Dinner is hot, hot, hot – tamales, that isPublished 12:01am Saturday, November 3, 2012
I have been eating tamales lately and have a semi-fondness for them. They look hard to make so I think I will be eating them instead of preparing them. I had some delicious ones at Fat Mama’s Tamales in Natchez, Miss., this past week. They do not make them in the restaurant anymore but out-source them and bring them in frozen and cook them in boiling water as needed.
So, how did hot tamales get into Mississippi? Many think that tamales made their way to the Mississippi Delta in the early 20th century when migrant laborers were brought in from Mexico to work the cotton harvest. The basic tamale ingredients, cornmeal and pork, were easily adapted by the African Americans who shared the fields. Others say that the Delta’s history with tamales goes back to the U.S. Mexican War 100 years earlier, when soldiers from Mississippi traveled to Mexico and brought tamale recipes home with them.
No two people make hot tamales exactly the same way. Pork is traditional, but some cooks use beef, while others prefer turkey. Some boil their meat, while others brown it. Some people use masa, while others prefer the rough texture of cornmeal. Most wrap in corn shucks, while a few have turned to parchment paper. Some season the tamale in just one way, while others will season the meat and the meal, as well as the water used to simmer the rolled bundles. Some eat theirs straight out of the shuck, while others smother them in chili and cheese. I do know that in the Delta tamales are served with crackers and a cold beer! Why crackers? Got me. I thought it was a mistake when we got a bowl of crackers with our tamales at Fat Mama’s. I heard of one person who always eats hers with crackers and ranch dressing!
Many people say that the best time to eat hot tamales is during the winter months, but tamales are sold year round. The red-hot tamales are in fact bright red in color. This visual is the result of spices added in all stages of tamale preparation and cooking.
Even though making tamales are time consuming, they perhaps are worth doing. Below are the steps in preparing tamales, so you can have this recipe on hand if you decide to make some.
Mississippi Delta Tamales
Makes 7-8 dozen (If you are going to the trouble, might as well make a few. One can easily eat a dozen. They are usually sold by the dozen or half dozen.)
6-8 lbs. boneless meat (pork shoulder, chuck roast, or chicken)
¾ cup vegetable oil
¼ cup chili powder
2 Tablespoons paprika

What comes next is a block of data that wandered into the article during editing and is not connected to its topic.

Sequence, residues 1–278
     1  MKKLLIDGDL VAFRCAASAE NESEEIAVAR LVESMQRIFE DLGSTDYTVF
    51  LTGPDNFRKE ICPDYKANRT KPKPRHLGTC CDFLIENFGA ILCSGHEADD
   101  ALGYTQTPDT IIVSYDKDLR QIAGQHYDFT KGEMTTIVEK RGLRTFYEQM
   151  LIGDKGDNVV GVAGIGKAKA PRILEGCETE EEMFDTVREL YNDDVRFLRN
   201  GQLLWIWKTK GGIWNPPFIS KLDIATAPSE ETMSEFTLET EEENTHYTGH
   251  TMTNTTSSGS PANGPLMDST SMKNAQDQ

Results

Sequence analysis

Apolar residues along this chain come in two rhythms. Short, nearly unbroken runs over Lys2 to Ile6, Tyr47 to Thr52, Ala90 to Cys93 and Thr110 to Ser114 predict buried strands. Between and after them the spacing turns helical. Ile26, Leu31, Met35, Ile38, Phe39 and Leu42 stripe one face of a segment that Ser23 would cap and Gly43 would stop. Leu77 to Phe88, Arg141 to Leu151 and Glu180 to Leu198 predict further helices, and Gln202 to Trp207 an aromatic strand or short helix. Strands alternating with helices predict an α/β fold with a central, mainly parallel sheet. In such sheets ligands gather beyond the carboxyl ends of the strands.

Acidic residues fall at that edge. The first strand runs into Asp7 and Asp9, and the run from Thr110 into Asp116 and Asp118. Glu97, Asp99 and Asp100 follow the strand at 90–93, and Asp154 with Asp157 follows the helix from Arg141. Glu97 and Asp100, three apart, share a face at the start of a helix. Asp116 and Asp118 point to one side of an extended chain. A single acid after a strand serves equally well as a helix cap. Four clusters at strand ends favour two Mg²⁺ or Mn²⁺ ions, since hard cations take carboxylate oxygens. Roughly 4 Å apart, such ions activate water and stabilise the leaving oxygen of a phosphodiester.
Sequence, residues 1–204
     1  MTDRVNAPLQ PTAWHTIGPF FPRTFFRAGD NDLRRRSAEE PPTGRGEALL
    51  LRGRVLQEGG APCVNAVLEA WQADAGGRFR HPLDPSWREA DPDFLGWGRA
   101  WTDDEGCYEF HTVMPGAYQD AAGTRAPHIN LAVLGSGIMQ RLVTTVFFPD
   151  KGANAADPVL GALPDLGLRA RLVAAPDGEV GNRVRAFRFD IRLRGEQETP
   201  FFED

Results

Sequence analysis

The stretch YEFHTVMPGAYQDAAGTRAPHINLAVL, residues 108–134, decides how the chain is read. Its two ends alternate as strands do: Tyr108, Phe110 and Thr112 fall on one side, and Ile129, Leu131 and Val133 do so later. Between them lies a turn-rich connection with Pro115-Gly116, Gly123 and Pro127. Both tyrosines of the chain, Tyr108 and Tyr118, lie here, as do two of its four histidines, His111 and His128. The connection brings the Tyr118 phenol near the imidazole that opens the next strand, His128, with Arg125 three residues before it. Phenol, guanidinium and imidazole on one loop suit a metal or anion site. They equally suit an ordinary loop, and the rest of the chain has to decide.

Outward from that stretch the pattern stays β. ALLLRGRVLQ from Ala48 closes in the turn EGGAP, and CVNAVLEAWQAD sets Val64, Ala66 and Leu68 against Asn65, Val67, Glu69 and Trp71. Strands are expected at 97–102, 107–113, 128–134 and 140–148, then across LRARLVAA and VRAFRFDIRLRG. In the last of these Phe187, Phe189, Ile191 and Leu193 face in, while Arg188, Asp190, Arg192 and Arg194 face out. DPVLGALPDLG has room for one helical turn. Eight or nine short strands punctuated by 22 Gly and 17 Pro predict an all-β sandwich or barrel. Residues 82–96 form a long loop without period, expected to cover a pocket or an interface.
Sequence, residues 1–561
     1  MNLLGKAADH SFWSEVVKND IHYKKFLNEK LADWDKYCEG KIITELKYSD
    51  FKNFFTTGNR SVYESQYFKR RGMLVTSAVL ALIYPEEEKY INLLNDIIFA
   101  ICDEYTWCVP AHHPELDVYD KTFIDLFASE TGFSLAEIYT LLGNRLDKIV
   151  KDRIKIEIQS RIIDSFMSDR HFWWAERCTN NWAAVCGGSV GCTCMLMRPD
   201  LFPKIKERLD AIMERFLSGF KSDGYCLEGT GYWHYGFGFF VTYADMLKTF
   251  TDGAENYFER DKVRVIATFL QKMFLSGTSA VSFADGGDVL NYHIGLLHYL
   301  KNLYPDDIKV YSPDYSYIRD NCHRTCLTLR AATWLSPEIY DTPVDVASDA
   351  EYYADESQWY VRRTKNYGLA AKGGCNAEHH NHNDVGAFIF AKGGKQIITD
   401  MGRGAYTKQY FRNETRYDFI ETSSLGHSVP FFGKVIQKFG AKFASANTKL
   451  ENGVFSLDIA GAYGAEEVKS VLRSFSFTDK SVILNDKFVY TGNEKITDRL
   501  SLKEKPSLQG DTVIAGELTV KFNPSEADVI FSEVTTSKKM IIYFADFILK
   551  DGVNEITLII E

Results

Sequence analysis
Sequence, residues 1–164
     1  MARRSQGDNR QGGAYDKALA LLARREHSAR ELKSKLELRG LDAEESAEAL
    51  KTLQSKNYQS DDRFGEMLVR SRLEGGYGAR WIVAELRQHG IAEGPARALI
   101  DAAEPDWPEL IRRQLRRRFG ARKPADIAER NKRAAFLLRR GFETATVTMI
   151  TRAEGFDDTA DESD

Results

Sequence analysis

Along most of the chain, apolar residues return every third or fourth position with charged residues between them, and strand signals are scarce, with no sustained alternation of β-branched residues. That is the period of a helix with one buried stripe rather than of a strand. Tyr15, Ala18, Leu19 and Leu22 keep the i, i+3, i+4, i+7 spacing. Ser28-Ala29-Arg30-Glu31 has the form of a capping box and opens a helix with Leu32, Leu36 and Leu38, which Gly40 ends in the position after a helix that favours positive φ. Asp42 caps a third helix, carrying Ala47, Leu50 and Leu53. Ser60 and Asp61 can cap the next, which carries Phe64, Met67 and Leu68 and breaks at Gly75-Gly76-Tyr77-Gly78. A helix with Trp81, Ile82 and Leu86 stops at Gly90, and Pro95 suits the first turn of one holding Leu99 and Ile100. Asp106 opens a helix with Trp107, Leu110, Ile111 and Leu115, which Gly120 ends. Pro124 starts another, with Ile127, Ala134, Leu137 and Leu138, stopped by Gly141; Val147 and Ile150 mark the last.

2 Tablespoons salt
2 teaspoons black pepper
1 teaspoon ground cayenne
1 Tablespoon onion powder
1 Tablespoon garlic powder
1 teaspoon ground cumin
Cut the meat into large chunks and place in a large, heavy pot. Cover in cold water. Bring to a boil over high heat. Cover the pot, and reduce heat to medium-low and simmer until meat is tender, for two to two-and-a-half hours. Remove the meat and reserve the cooking liquid. When the meat is cool enough to handle, remove and discard any skin and large chunks of fat. Shred or dice the meat into small pieces. There should be 10-12 cups of meat. Heat the vegetable oil over medium heat in a heavy pot. Stir in the chili powder, paprika, salt, pepper, cayenne, onion powder, garlic powder and cumin. Add the meat and stir to coat with the oil and spices. Cook, stirring often, until the meat is warmed through, about 7-10 minutes. Set aside.
Corn Husks: While meat is cooking, soak the husks in a large bowl or sink of very warm water until they are softened and pliable, about two (2) hours. Separate into single leaves, trying not to tear them. Wash off dust and discard any corn silks. Keep any husks that split to the side, since two small pieces can be overlapped and used as one.
Corn Meal Dough
8 cups yellow corn meal or masa mix (can be found in most stores)
4 teaspoons baking powder
2 teaspoons salt
1 2/3 cups vegetable oil or lard
6-8 cups warm meat broth (from cooking of the meat)
Stir the corn meal, baking powder, salt and lard together in a large bowl until well blended. Gradually stir in enough warm liquid to make soft, spongy dough that is the consistency of mashed potatoes. The dough should be quite moist but not wet. Cover the bowl with a damp cloth.
Assembling the tamales: Remove a cornhusk from the water and pat dry. Lay husk on a work surface. Spread about ¼ cup of dough in an even layer across the wide end of the husk to within 1 inch of the edges. Spoon about 1 tablespoon of the meat mixture in a line down the center of the dough. Roll the husk so that the dough surrounds the filling and forms a cylinder or package. Fold the bottom under to close the bottom and complete the package. Place the completed tamales in a single layer on a baking sheet. Repeat until all dough and filling is used.
Cooking the tamales: To simmer: Stand the tamales upright, closed side down, in a large pot. Place tamales together in the pot so that they do not fall down. Carefully fill the pot with enough water to come just to the top of the tamales, trying not to pour water directly in the tamales. Bring to a boil over high heat. Cover the pot, reduce heat to medium-low, and simmer until the dough is firm and pulls away from the husks easily and cleanly, about an hour.
To steam: Stand the tamales upright, closed side down, in a large steamer. Cover the tamales with a damp towel or additional husks. Steam the tamales over simmering water until the dough is firm and pulls easily from the husks, about one to an hour and 25 minutes.
Serve tamales warm, in their husks. Remove husks to eat.